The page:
The officers and directors of the International Catacomb Society are pleased to announce the following Shohet Scholars for 2018-2019:
Michael Flexsenhar (Rhodes College, Religious Studies)
Jewish Imperial Life in Ancient Rome: The Agrippesioi and Augustesioi Synagogues
Flexsenhar’s project investigates the Agrippesioi and Augustesioi synagogues, which on the basis of their names are usually dated to the first-century CE and connected with slaves of Marcus Agrippa and the emperor Augustus. A collection of epigraphic and topographic evidence for the other synagogues of ancient Rome and for cult buildings of other ancient minority groups, including Christians and followers of Isis, tends to show that cult buildings were named on the basis of topography rather than of founders’ names. A broad collection of data will place the development of these two synagogues in the third- and fourth-century and locate them in the local Roman topography. It will also articulate more precisely the history of Jews in Rome and elucidate more critically the intersections of slavery, ethnicity, and religion in the imperial capital.
Justin Leidwanger (Stanford University, Classics)
The Marzamemi “Church Wreck” Project
Investigations of the Marzamemi “church wreck” off the coast of Sicily seek to explore the religious, economic, and political context of this famous 6th-century cargo of prefabricated church architecture. Building on fieldwork since 2013, we aim now 1) to excavate a new sector of the site that can reveal clues to the ship, crew, and cultural context, and 2) to undertake 3D recording and analysis of the monumental architectural elements. These efforts will offer a rare window into the roles of high commerce, mundane exchange, local religious patronage, and imperial ideology in tying together the Mediterranean during the twilight of ancient maritime connectivity.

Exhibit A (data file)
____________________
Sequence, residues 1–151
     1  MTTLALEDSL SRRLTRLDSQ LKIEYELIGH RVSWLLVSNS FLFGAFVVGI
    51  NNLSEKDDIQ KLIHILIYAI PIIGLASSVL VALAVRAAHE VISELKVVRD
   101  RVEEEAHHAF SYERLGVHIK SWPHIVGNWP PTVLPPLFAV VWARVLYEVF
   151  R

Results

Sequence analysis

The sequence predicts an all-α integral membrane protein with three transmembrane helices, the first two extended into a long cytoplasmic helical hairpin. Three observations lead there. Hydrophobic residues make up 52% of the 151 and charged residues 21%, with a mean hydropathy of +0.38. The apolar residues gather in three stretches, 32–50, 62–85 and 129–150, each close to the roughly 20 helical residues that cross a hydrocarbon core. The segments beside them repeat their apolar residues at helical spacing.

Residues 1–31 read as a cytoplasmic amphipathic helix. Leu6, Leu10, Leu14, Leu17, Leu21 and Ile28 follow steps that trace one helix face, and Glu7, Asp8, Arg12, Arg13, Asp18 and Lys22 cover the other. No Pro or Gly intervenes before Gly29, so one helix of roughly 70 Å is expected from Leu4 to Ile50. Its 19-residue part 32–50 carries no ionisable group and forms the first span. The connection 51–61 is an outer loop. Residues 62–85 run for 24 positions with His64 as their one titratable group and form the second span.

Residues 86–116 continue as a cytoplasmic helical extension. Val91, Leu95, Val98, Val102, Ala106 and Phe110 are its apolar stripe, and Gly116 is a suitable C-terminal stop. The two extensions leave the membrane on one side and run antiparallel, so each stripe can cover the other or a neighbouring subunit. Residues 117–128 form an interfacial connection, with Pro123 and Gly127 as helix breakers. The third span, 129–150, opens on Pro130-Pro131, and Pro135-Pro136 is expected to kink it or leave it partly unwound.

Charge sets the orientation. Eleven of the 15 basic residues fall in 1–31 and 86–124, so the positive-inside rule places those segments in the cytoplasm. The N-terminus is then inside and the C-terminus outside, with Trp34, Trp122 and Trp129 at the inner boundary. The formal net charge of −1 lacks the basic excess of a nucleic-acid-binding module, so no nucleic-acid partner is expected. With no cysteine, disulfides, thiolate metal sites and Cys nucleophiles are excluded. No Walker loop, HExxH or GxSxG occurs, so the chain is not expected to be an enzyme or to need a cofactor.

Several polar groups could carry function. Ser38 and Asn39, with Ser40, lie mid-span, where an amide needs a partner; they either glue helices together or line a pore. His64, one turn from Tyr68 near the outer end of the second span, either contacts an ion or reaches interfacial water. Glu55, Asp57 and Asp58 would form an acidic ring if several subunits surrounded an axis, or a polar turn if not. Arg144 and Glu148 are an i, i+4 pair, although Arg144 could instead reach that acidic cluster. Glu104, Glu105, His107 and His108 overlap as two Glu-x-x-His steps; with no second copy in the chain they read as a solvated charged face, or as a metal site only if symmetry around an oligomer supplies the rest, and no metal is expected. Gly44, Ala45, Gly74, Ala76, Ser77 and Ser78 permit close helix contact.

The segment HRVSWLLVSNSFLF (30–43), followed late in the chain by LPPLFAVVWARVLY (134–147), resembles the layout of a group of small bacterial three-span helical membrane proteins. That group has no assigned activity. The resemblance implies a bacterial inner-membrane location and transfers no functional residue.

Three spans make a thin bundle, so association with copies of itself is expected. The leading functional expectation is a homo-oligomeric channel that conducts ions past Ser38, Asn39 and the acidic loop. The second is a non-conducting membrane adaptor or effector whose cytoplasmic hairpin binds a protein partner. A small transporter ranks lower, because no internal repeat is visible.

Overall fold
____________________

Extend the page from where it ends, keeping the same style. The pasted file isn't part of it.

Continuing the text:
Lindsey Mazurek (Bucknell University, Classics & Ancient Mediterranean Studies)
Mapping Religious Communities Across the Ancient Mediterranean - The Ostia Connectivity Project
This project examines the social ties that defined religious associations at Roman Ostia through a digital humanities approach. The Ostia Connectivity Project (OCP) uses data analysis and Geographic Information Systems (GIS) mapping technology to consider how religious communities embedded themselves in the social networks of ancient Rome’s port complex at Ostia. Utilizing an archive of over 6,500 inscriptions and newly published graffiti, OCP charts the complex layers of relations that facilitated connectivity between religious groups, and sites. Through this approach, OCP can visualize the different scales of complexity that connect the local with the global, allowing us to account for the work that each relation does in making religious connectivity possible across the ancient Mediterranean.
We congratulate these scholars on the quality and impact of their work.
Annewies van den Hoek
Chair of the Shohet Scholar Program Committee, Vice President, International Catacomb Society
Jessica Dello Russo
Program Administrator, Executive Director, International Catacomb Society
About the Shohet Scholars Grant Program:
The Shohet Scholars Grant Program funds research on the Ancient Mediterranean from the Hellenistic Era to the Early Middle Ages. Shohet Scholars may do their research in the fields of archeology, art history, classical studies, history, comparative religions, or related subjects. Of special interest are interdisciplinary projects that approach traditional topics from new perspectives. For more information about the Shohet Scholars Program and other activities of the International Catacomb Society, please visit: www.catacombsociety.org or contact:
International Catacomb Society
217 Hanover Street, Suite 130413
Boston, MA 02113